This column presents technologies that have applications in commercial areas, possibly creating the products of tomorrow. To learn more about each technology, see the contact information provided for that innovation.
Multi-Stage Filtration System
While HEPA filter elements can last for years without intervention, pre-filtering systems that remove larger particles before they reach the HEPA filter need to be treated (most often by cleaning or replacement) as often as once a week. These treatments can be resource-intensive and expensive, especially in extreme environments. NASA's Glenn Research Center developed a multi-stage filtration system to collect a wide range of particle sizes with minimal filter changes. This breakthrough capability keeps high-efficiency media and devices from becoming overloaded with larger particles. uses an impactor filter to capture larger particle matter. After becoming heavily loaded, this filter can automatically through a unique feed system, thereby reducing maintenance costs.
Contact: Glenn Research Center
Supercapacitor for Fast Charging of Mobile Phones
Supercapacitors promise recharging of phones and other devices in seconds and minutes rather than hours for batteries. But current technologies are not usually flexible, have insufficient capacities, and for many, their performance quickly degrades with charging cycles. Researchers at Queen Mary University of London (QMUL) and the University of Cambridge developed a polymer electrode that achieves energy storage close to the theoretical limit, but also demonstrates flexibility and resilience to charge/discharge cycling. The technique could be applied to many types of materials for supercapacitors; devices could be made in soft and flexible freestanding films, which could power electronics embedded in smart clothing, wearable and implantable devices, and soft robotics.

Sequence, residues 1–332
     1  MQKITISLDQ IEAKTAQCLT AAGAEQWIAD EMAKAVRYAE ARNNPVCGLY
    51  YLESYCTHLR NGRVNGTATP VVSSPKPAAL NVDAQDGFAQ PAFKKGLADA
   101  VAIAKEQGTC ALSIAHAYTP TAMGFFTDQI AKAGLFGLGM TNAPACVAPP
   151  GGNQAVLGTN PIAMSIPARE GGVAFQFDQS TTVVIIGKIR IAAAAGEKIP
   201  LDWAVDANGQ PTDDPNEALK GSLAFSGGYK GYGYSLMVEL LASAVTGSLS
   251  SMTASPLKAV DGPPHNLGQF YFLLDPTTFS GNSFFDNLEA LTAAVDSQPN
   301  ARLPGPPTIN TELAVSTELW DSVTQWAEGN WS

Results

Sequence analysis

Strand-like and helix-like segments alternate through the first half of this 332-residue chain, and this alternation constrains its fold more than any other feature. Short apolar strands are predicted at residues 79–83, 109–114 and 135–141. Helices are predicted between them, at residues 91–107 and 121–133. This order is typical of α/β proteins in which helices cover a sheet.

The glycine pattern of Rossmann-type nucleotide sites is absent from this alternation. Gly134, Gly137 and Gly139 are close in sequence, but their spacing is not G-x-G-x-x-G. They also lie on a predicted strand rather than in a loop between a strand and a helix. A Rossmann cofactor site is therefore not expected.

Contact: Rupert Marquand, Queen Mary University of London
Phone: +44 (0) 20 7882 3004
Injectable Tissue Patch to Repair Damaged Organs
Repairing heart tissue destroyed by a heart attack or medical condition with regenerative cells or tissues usually requires invasive open-heart surgery. University of Toronto researchers developed a technique that lets them use a small needle to inject a repair patch without the need to open up the chest cavity. The AngioChip is a tiny patch of heart tissue with its own blood vessels — the heart cells even beat with a regular rhythm. The patch features a shape-memory material that unfolds itself into a bandage-like shape as it emerges from the needle. The shape-memory effect is based on physical properties, not chemical ones, so the unfolding process doesn't require additional injections, and won't be affected by the local conditions within the body.